2: Application Layer 26 DNS name servers r no server has all name- to-IP address mappings r local name servers: m each ISP, company has local (default) name server m host DNS query first goes to local name server r authoritative name server: m for a host: stores that host’s IP address, name m can perform name/address translation for that host’s name Centralized DNS? single point of failure traffic volume distant centralized database maintenance “doesn’t scale!” DNS is a distributed database implemented in hierarchy of many name servers
2: Application Layer 27 Top level domain servers (TLD) Authoritative name servers
2: Application Layer 28 DNS: Root name servers r contacted by local name server that can not resolve name r root name server: m contacts authoritative name server if name mapping not known m gets mapping m returns mapping to local name server b USC-ISI Marina del Rey, CA l ICANN Marina del Rey, CA e NASA Mt View, CA f Internet Software C. Palo Alto, CA i NORDUnet Stockholm k RIPE London m WIDE Tokyo a NSI Herndon, VA c PSInet Herndon, VA d U Maryland College Park, MD g DISA Vienna, VA h ARL Aberdeen, MD j NSI (TBD) Herndon, VA 13 root name servers worldwide (actually > 80 using anycasting) Zonefile stored at a root server
2: Application Layer 29 Simple DNS example host surf.eurecom.fr wants IP address of gaia.cs.umass.edu 1. contacts its local DNS server, dns.eurecom.fr 2. dns.eurecom.fr contacts root name server, if necessary 3. root name server contacts authoritative name server, dns.umass.edu, if necessary requesting host surf.eurecom.fr gaia.cs.umass.edu root name server authoritative name server dns.cs.umass.edu local name server dns.eurecom.fr 1 2 3 4 5 6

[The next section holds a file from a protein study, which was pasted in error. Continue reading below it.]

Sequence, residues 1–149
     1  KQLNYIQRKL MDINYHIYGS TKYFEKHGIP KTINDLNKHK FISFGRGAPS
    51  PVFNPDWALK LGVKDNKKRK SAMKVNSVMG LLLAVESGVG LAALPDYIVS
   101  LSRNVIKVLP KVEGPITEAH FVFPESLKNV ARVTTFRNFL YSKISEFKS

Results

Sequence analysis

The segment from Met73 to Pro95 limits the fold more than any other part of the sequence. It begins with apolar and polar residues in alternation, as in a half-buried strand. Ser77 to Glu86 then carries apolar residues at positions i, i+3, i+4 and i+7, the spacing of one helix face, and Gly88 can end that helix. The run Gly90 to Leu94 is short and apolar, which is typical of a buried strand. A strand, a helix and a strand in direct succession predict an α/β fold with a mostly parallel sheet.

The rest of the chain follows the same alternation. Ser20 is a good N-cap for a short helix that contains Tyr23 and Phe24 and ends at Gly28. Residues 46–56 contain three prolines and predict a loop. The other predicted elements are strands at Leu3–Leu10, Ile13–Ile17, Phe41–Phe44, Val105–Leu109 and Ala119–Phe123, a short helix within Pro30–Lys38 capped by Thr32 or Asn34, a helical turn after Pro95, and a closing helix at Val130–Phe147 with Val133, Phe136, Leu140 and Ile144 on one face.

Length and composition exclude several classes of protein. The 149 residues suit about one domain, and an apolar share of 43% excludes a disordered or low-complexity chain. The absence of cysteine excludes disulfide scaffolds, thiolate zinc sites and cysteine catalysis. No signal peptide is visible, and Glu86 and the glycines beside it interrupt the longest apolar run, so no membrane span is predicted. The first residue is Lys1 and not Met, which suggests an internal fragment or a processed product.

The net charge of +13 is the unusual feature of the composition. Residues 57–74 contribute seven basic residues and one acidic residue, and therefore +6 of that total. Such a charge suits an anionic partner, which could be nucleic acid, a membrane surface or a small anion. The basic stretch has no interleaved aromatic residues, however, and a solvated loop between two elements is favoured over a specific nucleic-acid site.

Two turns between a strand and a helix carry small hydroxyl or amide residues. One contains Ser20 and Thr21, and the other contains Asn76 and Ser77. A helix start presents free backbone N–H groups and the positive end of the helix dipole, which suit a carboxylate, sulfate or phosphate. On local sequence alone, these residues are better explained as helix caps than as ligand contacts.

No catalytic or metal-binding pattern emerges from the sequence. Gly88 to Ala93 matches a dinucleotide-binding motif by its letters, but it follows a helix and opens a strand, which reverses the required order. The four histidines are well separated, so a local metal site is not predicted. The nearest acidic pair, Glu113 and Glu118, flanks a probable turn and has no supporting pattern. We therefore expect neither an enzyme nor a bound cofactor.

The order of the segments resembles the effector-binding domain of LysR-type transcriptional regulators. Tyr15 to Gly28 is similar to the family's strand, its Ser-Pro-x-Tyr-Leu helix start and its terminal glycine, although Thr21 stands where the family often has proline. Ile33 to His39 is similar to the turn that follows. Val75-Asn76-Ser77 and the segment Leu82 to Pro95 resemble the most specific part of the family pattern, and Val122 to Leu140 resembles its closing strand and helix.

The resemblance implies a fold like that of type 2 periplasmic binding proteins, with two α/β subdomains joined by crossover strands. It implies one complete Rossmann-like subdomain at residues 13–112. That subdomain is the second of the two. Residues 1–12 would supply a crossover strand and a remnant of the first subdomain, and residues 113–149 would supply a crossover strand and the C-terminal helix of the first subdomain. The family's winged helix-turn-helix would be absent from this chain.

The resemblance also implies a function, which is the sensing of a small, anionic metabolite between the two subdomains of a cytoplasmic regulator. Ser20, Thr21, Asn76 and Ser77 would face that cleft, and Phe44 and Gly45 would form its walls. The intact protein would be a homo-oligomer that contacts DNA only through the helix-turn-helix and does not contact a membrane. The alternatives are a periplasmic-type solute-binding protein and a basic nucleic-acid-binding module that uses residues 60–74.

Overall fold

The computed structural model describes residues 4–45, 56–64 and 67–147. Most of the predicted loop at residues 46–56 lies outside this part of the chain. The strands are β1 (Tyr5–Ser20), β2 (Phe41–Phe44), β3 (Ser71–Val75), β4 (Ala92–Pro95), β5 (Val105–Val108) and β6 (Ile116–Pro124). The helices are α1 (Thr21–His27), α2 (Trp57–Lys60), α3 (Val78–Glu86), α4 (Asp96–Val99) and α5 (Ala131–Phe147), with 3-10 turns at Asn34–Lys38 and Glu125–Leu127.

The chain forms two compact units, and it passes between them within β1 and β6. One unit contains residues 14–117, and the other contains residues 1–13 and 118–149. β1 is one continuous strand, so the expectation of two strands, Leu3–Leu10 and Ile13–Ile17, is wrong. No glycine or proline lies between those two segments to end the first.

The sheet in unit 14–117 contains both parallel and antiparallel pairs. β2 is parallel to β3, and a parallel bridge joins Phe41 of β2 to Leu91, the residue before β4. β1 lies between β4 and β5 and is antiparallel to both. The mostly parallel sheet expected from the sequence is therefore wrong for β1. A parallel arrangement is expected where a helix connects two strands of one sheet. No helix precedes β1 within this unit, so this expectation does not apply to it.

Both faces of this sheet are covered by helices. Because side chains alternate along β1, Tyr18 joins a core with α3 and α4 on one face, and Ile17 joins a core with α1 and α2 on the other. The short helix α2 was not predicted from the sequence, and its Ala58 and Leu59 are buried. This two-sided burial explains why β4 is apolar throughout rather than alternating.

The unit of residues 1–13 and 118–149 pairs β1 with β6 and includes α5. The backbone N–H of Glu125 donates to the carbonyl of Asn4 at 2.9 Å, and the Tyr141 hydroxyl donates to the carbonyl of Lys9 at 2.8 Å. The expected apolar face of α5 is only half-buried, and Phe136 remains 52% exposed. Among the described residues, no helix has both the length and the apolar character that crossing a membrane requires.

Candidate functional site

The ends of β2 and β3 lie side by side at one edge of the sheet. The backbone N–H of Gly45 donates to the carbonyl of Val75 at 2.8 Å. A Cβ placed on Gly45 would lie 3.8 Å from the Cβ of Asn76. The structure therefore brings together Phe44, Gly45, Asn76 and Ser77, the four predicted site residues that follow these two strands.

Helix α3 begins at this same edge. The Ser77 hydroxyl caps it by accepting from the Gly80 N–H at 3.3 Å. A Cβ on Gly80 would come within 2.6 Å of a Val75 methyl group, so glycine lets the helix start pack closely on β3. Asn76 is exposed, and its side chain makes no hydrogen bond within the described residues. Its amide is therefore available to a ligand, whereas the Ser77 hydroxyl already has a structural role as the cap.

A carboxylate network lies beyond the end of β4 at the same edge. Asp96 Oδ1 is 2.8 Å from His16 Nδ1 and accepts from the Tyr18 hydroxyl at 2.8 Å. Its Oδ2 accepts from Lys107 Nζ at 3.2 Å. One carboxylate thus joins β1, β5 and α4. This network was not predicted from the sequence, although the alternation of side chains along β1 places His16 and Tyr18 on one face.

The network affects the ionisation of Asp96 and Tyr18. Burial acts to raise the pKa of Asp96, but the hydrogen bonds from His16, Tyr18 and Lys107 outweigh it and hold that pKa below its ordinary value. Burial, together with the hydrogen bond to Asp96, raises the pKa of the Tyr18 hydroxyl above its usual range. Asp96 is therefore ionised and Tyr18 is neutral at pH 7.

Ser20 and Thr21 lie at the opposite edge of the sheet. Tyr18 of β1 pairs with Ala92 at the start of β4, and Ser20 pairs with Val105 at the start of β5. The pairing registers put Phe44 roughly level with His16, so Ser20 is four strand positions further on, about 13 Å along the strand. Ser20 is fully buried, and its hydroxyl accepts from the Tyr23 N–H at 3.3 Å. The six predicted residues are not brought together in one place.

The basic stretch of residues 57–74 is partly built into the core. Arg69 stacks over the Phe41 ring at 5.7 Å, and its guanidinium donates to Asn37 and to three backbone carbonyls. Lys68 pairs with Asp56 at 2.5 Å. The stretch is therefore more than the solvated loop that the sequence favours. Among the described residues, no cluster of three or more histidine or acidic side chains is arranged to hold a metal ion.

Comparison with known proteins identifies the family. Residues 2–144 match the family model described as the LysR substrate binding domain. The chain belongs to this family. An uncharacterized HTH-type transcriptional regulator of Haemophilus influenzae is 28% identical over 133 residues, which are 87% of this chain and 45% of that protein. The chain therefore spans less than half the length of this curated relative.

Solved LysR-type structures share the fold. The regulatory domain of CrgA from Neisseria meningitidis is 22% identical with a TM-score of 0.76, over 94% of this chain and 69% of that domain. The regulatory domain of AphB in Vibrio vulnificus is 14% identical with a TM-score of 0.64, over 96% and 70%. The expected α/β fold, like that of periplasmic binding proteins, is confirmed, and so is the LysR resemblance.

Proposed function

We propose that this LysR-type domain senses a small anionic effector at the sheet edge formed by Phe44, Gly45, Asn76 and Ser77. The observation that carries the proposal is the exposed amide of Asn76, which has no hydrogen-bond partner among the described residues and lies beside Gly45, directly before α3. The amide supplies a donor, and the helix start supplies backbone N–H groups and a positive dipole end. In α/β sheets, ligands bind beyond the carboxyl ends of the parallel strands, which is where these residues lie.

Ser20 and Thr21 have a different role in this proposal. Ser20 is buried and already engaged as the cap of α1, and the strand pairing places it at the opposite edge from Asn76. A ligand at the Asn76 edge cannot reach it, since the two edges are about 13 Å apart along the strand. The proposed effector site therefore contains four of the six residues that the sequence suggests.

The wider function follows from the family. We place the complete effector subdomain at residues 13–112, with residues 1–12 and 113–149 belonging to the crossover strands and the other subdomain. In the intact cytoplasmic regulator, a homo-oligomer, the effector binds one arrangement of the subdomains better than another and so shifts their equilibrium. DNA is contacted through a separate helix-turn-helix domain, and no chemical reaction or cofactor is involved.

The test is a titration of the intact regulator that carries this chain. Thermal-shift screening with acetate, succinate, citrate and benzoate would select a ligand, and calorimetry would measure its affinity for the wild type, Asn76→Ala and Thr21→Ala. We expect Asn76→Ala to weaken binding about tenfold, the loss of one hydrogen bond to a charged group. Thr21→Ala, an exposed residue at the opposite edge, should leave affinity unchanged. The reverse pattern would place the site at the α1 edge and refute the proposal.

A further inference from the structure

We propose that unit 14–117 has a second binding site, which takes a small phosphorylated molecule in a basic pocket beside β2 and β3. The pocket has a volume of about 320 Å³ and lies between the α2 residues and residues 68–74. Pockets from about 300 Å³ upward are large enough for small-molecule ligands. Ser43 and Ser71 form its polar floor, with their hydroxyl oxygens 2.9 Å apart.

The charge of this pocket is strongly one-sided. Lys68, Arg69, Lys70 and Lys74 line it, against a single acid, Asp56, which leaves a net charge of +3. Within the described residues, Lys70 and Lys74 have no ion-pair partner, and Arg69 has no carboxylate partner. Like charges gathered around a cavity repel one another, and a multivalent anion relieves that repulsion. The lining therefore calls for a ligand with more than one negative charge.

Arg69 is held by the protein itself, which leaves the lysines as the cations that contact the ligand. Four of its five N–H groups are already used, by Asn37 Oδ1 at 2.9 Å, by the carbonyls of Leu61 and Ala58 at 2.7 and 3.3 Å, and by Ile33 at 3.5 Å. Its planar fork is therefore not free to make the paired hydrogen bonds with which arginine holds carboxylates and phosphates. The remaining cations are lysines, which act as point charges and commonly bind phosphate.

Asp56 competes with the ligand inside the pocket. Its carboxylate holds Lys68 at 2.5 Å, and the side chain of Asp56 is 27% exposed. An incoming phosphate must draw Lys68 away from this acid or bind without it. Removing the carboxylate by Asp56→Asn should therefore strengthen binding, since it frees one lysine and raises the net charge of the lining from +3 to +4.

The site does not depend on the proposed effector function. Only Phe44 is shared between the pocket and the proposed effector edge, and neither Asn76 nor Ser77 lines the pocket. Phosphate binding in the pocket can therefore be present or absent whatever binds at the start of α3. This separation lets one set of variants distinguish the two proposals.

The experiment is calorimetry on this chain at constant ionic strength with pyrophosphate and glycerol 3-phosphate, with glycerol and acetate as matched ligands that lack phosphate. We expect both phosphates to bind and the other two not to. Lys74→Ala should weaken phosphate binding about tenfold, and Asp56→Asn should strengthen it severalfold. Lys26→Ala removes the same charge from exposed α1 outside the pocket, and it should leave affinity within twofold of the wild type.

2: Application Layer 30 DNS example Root name server: r may not know authoritative name server r may know intermediate name server: who to contact to find authoritative name server requesting host surf.eurecom.fr gaia.cs.umass.edu root name server local name server dns.eurecom.fr 1 2 3 4 5 6 authoritative name server dns.cs.umass.edu intermediate name server dns.umass.edu 7 8
2: Application Layer 31 DNS: iterated queries recursive query: r puts burden of name resolution on contacted name server r heavy load? iterated query: r contacted server replies with name of server to contact r “I don’t know this name, but ask this server” requesting host surf.eurecom.fr gaia.cs.umass.edu root name server local name server dns.eurecom.fr 1 2 3 4 5 6 authoritative name server dns.cs.umass.edu intermediate name server dns.umass.edu 7 8 iterated query
2: Application Layer 32 DNS: caching and updating records r once (any) name server learns mapping, it caches mapping m cache entries timeout (disappear) after some time r If the TLD servers and intermediate DNS servers perform their functions correctly, the root servers will rarely be contacted.
2: Application Layer 33 DNS records DNS: distributed db stores resource records (RR) r Type=NS name is domain (e.g. foo.com) value is IP address of authoritative name server for this domain RR format: (name, value, type, ttl) r Type=A name is hostname value is IP address r Type=CNAME name is alias name for some “canonical” (the real) name www.ibm.com is really servereast.backup2.ibm.com value is canonical name r Type=MX value is name of mailserver associated with name Use “nslookup” and “dig” to see RRs.